8. Division of labor. The primary role of the person whose body it is that’s going on the MSIC journey is simple: it is to be the patient and that is all. If the patient wants to do more than lie down and be a patient (as almost all do . . . ) then that is all well and good, but the patient must not tow that line alone, and most patients should not even be the main driving force of large swaths of the MSIC experience. Instead, the patient needs an advocate, a role usually filled by family members or other loved ones; it is the advocate’s role to totally own the upsetting parts of the MSIC, insofar as the un-fun interactions and the being-pushy part are concerned. Many elders, for instance, are often freaked out by a lot of the paperwork load, including insurance and medical releases and such; the advocate can help there by shielding the patient from all the paperwork (note well: advocates need to make sure that they have full access to all information about the patient; there is often some HIPAA paperwork involved in making this so!).
I believe that the ideal team for an MSIC journey consists of three people: (1) the patient (role: being s/he who is poked and prodded and helped along towards improved health), (2) a spouse or parent or best buddy (role: providing love in all its many guises, together with comfort and cheer and tea and sympathy) and (3) advocate (role: interfacing with the MSIC, including being very nice and helpful when doing so helps the patient receive great care, and gladiating when it does not and gladiation is instead what’s required). The first role is always a solo role; the second and third roles can be filled by multiple parties, which, fr the reasons described in the next section, is often a wise way to go.
9. Pace yourself. I am pretty sure that interfacing with the MSIC is fatiguing in a unique, profound, deep way. It can also take a long time. Expect your loved one’s route through the MSIC from start to finish to last longer than you can possibly imagine, and then double the longest period you can possibly imagine it taking, and then double it again, and hope that it doesn’t taken longer than that. So get ready for the long haul. Also, listen to your body and know when you are too tired and need some respite, which in this context is a common term, meaning getting away and taking some time for yourself — a day at the spa or a few days away somewhere at least an hour away. Cut yourself all sorts of slack; there is plenty of time later for you to return to your more righteous, saintly ways! And do consider doing your role as part of a tag-team.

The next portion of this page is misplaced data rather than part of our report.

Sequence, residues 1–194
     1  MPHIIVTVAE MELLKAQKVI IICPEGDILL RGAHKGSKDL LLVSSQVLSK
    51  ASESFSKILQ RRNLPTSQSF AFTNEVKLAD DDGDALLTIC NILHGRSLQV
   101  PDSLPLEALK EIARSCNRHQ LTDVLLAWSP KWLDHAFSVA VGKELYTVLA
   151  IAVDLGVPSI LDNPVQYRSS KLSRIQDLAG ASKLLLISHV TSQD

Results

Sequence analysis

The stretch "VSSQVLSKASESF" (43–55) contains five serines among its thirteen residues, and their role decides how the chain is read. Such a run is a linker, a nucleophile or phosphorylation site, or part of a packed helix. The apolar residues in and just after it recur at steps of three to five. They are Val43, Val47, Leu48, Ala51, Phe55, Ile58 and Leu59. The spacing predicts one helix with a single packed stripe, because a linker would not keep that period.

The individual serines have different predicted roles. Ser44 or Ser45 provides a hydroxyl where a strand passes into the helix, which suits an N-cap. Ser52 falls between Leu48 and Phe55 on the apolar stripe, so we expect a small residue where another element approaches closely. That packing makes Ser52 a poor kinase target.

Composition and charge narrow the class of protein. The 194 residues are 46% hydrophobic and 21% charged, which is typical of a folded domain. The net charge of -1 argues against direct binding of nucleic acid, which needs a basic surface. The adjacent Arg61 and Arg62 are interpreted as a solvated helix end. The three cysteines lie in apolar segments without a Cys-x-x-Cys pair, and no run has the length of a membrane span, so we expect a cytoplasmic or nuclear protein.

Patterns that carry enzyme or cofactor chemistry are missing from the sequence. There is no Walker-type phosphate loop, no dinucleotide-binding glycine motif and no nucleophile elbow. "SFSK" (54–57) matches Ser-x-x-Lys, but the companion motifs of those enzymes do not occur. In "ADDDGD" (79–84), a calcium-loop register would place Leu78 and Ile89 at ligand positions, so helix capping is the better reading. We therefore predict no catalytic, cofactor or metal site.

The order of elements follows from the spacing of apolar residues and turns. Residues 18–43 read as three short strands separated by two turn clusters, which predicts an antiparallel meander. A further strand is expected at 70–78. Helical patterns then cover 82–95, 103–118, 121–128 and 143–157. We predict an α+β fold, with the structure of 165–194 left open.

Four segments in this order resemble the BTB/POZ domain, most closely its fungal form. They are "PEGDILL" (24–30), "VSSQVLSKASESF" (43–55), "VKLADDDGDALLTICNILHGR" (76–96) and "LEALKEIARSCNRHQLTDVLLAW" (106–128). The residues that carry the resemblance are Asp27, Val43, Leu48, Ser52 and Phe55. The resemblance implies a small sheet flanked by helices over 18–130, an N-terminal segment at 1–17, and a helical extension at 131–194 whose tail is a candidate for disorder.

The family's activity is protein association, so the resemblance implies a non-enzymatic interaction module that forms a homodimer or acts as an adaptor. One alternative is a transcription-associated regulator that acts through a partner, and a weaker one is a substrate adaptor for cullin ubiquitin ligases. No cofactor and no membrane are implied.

10. Get on with it. Time marches on. Sometimes the right thing to do is nothing, but that is only the case if a doctor (or, preferably, two or three) has told your loved one to chill after poking and prodding and scanning and blood-taking and otherwise thoroughly testing your loved one. Most other times whatever process is making your loved one sick is going to continue and, in that continuing, make them sicker, so when something is wrong on that front, confront it you must. Let it slide do not.
And if surgery is involved, know that the whole goal of surgery is to make your loved one healthier, and you need to help your loved one understand this to be the case, as in, Yes, it’s scary to be worked on like that, but, yes also, you’re getting customized — [choose among the following words whichever are appropriate for the particular type of surgery your loved one is having: better, neater, cooler, spiffier, shinier, newer, longer-lasting, less painful, etc., etc., etc.] — and you’ll end up healthier than you are now. Why, you know what a lot of people who’ve had surgery say to their friends not long afterwards? They say, “Why on earth didn’t I do this sooner? I feel so much better!”
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There is a reason that soap operas often revolve around doctors and hospitals: it’s because few things in life are more dramatic than seeing a loved one take a journey through MSIC-land. High highs and low lows await you. Fights, too, probably, both with the MSIC and, if you’re normal, with your loved one, too.
The term “Kafka-esque” will take on new meaning, and you will have a new sort of patience, and in larger reserve than you ever thought possible, often borne out of simply having to have it for your own damn good. You will often not sleep well, and you will be quicker to anger. You will not look your best. You will feel their pain.
You will make mistakes and have regrets. Things will become obvious to you in hindsight which were not even on your radar when you could’ve done something about them. Keep that 10% SNAFU FUBAR idea in mind.
And know that there is nothing more loving that you can do for your loved one than to be there with — and for — your loved one at that time. And know also that the journey will change not only your loved one, but you as well, and that it’ll be among the most profound — and life-affirming — things you ever do in this ol’ life of yours.
Because even when the end of the road is death, as it always is eventually, a journey through the MSIC is almost always mostly about life. And, to boot, very, very often the MSIC helps make the road, at the end of which is death, considerably longer — putting death off considerably further out into the future, keeping it at bay . . .